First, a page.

Are you ready to rock? Well, the band Anvil is, too, but they're finding it pretty hard to do that these days. Once considered a building block of the growing metal movement of the 1970s, Anvil went from next legendary band alongside The Scorpions and Whitesnake to taking day jobs and playing small sports bars in front of a small but loyal fanbase in Canada. The film catches up with the affable band today, who still chase their dreams. It's uplifting and, thanks to the band's attitude on life, a great perspective check.
File this one under "difficult but extremely necessary." The 2011 film came out when bullying was a national topic, and is an unflinching look at how bullying affects children and their families. It follows a handful of children who deal with abuse at school during their most impressionable times, and the intimate footage draws viewers into their world and helps us understand how impactful bullying is.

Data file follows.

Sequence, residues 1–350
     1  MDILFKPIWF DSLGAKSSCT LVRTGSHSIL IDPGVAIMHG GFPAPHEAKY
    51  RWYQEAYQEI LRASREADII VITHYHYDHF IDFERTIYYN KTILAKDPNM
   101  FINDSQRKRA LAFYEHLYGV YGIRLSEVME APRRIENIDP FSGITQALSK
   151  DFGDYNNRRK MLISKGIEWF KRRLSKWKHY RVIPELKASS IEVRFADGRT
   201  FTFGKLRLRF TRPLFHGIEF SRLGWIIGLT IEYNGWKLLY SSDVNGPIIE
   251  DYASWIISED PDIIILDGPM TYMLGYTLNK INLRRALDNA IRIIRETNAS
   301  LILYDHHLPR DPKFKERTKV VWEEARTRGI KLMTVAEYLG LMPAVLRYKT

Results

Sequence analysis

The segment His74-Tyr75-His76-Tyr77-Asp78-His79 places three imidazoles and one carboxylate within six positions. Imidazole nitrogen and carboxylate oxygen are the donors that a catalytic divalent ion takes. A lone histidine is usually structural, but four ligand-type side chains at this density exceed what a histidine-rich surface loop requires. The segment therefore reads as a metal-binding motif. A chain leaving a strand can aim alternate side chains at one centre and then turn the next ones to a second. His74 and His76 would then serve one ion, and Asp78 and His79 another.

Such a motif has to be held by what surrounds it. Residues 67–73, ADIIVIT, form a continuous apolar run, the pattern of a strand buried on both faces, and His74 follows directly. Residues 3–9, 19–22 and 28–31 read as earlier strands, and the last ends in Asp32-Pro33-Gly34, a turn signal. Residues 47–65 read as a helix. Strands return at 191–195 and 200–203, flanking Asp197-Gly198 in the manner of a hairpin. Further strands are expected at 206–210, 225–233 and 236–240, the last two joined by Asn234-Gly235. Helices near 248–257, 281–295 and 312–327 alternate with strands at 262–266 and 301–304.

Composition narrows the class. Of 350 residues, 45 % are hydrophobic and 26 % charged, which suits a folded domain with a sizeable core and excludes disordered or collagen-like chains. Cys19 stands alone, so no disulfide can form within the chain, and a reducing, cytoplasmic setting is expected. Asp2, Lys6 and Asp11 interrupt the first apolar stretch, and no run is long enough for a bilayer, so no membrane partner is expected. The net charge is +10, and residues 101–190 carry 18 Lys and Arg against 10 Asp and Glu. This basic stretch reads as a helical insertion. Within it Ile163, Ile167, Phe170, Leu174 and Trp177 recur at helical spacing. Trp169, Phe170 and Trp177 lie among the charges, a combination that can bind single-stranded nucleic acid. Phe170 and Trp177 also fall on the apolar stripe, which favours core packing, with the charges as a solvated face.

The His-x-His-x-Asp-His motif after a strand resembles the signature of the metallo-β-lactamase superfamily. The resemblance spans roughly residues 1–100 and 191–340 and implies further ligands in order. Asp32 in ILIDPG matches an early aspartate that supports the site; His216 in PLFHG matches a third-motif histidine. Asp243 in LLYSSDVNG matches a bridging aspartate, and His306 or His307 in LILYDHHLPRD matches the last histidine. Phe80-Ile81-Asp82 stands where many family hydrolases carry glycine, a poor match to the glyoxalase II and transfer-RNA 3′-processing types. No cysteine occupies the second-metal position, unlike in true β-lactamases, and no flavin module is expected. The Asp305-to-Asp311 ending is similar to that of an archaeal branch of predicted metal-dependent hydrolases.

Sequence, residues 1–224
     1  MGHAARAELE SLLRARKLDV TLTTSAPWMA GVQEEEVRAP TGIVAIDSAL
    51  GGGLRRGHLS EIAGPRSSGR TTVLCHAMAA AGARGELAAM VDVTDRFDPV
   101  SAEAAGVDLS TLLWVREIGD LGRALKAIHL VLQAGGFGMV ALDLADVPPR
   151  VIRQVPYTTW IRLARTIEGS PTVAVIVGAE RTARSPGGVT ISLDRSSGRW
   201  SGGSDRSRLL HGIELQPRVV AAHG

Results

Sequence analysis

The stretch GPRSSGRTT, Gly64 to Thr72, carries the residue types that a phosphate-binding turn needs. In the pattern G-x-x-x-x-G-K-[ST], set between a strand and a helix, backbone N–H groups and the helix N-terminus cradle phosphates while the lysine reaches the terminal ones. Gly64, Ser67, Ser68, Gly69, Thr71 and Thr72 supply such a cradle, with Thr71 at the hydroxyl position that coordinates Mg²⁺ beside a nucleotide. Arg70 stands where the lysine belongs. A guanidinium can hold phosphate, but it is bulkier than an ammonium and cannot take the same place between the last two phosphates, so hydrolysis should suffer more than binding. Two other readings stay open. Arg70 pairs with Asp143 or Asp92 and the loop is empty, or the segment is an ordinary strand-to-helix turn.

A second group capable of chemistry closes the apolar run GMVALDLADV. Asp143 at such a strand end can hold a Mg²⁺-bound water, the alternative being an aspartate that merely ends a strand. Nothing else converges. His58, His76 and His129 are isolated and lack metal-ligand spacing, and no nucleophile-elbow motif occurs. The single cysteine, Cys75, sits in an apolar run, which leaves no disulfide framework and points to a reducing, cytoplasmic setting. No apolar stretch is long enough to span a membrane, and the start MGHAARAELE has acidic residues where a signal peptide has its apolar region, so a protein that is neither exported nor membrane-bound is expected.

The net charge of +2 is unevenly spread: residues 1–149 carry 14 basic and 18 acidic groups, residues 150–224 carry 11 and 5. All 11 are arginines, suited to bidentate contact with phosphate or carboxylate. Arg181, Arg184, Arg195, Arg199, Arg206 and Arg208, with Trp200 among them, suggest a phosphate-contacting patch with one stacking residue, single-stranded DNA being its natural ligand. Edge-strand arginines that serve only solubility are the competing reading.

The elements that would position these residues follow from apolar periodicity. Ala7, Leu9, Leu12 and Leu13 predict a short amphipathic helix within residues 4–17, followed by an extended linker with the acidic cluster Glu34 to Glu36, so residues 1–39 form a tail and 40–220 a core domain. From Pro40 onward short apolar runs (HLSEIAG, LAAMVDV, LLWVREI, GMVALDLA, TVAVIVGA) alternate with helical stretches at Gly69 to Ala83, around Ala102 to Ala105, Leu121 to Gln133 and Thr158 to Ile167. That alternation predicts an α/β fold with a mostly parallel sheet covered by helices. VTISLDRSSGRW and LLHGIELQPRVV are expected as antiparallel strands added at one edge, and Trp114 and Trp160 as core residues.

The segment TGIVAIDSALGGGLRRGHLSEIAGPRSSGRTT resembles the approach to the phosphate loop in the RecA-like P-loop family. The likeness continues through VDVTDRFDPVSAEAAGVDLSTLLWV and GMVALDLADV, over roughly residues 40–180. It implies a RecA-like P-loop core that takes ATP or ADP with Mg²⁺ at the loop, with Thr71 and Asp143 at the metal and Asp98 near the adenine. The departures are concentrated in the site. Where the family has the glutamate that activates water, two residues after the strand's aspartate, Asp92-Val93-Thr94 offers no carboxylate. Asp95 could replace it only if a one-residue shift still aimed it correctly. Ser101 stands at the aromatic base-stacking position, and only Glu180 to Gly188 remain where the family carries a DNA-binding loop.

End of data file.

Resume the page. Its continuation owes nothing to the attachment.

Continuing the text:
This 2010 film about the life of Brazilian Formula One driver Ayrton Senna is riveting even if you're unfamiliar with the sport. From the humble beginnings of his life as a kart racer to becoming one of the all-time greats car racing has ever known, Senna sizzles with old footage that'll blow your hair back with the sheer speed of these four-wheeled rockets. Parts of the film show the unfair political practices Senna had to overcome and his rivalry with Alain Prost, but Senna's legacy comes from the safety protocols he instilled in the sport after a deadly accident.
Need a great underdog sports doc? Undefeated — which won the Academy Award for Best Documentary in 2012 — follows a Tennessee high school football team with a legacy of losing and the coach, Bill Courtney, who turns them around. You'll get a good look at the kids on the team, especially a group of seniors who decided to band together and help build the program, and how they overcame odds to get where they are today. But the real heart in the movie is Courtney, who instills a sense of discipline, responsibility, and hope in these kids who have been abandoned by everyone else. It's Friday Night Lights but with even greater odds against them.